What incidents should be reported to the HSE?

What incidents should be reported to the HSE.png

Many schools and academies are having difficulties with determining what constitutes a reportable accident/incident to the HSE. Below is a useful summary of the current situation.

Types of reportable incidents:

1. Death:

The death of any person (including staff and pupils) if they arise from a work-related accident, including an act of physical violence to a worker. Report as soon as possible.

2. Specified Injuries:

The following specified injuries to staff should be reported as soon as possible:

  • fractures, other than to fingers, thumbs and toes
  • amputations
  • any injury likely to lead to permanent loss of sight or reduction in sight
  • any crush injury to the head or torso causing damage to the brain or internal organs
  • serious burns (including scalding) which covers more than 10% of the body or causes significant damage to the eyes, respiratory system or other vital organs
  • any scalping requiring hospital treatment
  • any loss of consciousness caused by head injury or asphyxia
  • any other injury arising from working in an enclosed space which, leads to hypothermia or heat-induced illness or requires resuscitation or admittance to hospital for more than 24 hours

3. Over-seven-day incapacitation of staff:

Accidents must be reported where they result in a member of staff being away from work, or unable to perform their normal work duties, for more than seven consecutive days as the result of their injury. This seven day period does not include the day of the accident, but does include weekends and rest days. The report must be made within 15 days of the accident.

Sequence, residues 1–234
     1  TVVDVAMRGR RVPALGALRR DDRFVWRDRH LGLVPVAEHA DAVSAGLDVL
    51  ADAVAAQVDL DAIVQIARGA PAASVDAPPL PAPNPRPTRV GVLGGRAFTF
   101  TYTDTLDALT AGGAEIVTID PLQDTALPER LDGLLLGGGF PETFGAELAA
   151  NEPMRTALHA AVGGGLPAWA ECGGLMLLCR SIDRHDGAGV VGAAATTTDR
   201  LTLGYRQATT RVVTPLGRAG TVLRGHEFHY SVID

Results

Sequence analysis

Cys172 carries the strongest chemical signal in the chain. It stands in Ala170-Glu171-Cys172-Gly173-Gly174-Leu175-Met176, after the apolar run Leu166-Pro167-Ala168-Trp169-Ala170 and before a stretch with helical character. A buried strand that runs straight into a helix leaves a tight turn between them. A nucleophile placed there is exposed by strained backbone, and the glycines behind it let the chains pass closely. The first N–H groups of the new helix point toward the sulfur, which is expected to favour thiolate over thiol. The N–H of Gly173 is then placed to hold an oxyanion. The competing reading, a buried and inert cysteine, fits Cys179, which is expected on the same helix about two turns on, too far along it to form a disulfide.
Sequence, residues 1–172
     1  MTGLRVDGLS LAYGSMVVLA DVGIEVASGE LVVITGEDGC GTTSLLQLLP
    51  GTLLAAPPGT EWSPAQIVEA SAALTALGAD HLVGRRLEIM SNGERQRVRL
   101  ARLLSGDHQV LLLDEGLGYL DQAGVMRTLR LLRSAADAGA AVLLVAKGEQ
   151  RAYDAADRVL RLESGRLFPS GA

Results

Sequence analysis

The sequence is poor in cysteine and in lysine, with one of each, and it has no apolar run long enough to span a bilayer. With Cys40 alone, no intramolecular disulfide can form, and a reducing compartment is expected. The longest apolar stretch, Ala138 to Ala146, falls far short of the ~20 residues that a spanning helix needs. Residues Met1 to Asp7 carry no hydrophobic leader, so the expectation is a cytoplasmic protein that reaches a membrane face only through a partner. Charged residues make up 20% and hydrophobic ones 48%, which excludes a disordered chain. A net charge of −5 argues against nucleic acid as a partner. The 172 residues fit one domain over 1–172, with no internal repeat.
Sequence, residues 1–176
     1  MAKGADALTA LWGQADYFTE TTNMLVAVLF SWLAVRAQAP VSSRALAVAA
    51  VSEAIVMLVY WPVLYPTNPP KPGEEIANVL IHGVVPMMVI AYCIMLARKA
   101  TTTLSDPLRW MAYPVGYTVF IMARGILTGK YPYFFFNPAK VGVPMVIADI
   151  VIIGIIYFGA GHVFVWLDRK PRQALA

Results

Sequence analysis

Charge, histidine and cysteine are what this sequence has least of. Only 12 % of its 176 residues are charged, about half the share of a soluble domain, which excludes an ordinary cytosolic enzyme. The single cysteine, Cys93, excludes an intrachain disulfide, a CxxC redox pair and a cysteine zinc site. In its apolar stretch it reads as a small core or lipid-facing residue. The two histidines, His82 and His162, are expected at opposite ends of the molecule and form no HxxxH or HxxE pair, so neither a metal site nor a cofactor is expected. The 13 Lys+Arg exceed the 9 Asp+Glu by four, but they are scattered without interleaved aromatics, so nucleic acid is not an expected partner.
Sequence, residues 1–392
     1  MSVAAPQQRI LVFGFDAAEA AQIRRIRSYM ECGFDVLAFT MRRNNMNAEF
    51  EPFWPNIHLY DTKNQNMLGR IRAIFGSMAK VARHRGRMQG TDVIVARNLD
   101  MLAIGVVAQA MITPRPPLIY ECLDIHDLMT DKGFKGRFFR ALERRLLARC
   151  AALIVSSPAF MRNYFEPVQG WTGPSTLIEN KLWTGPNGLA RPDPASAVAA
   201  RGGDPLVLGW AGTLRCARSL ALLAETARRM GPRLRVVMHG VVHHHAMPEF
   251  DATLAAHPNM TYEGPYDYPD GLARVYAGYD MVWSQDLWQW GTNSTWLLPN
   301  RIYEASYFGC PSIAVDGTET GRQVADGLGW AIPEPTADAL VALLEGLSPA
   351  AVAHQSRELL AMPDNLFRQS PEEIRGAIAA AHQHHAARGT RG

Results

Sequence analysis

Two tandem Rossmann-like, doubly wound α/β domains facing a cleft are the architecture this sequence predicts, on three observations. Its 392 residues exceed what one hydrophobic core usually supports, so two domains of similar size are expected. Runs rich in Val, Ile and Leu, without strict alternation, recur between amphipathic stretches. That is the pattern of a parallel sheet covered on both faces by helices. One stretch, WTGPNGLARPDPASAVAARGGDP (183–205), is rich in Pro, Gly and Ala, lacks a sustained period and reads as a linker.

4. Non-fatal accidents to members of the public and pupils:

Accidents to members of the public or others who are not at work must be reported if they result in an injury and the person is taken directly from the scene of the accident to hospital for treatment to that injury. Examinations and diagnostic tests do not constitute ‘treatment’ in such circumstances.

5. Occupational diseases

Employers and self-employed people must report diagnoses of certain occupational diseases, where these are likely to have been caused or made worse by their work: These diseases include:
• carpal tunnel syndrome; severe cramp of the hand or forearm; occupational dermatitis;
• hand-arm vibration syndrome; occupational asthma; tendonitis or tenosynovitis of the hand or forearm; any occupational cancer; any disease attributed to an occupational exposure to a biological agent.

6. Dangerous occurrences

Dangerous occurrences are certain, specified near-miss events. Not all such events require reporting. There are 27 categories of dangerous occurrences that are relevant to most workplaces, for example the collapse, overturning or failure of load-bearing parts of lifts and lifting equipment.

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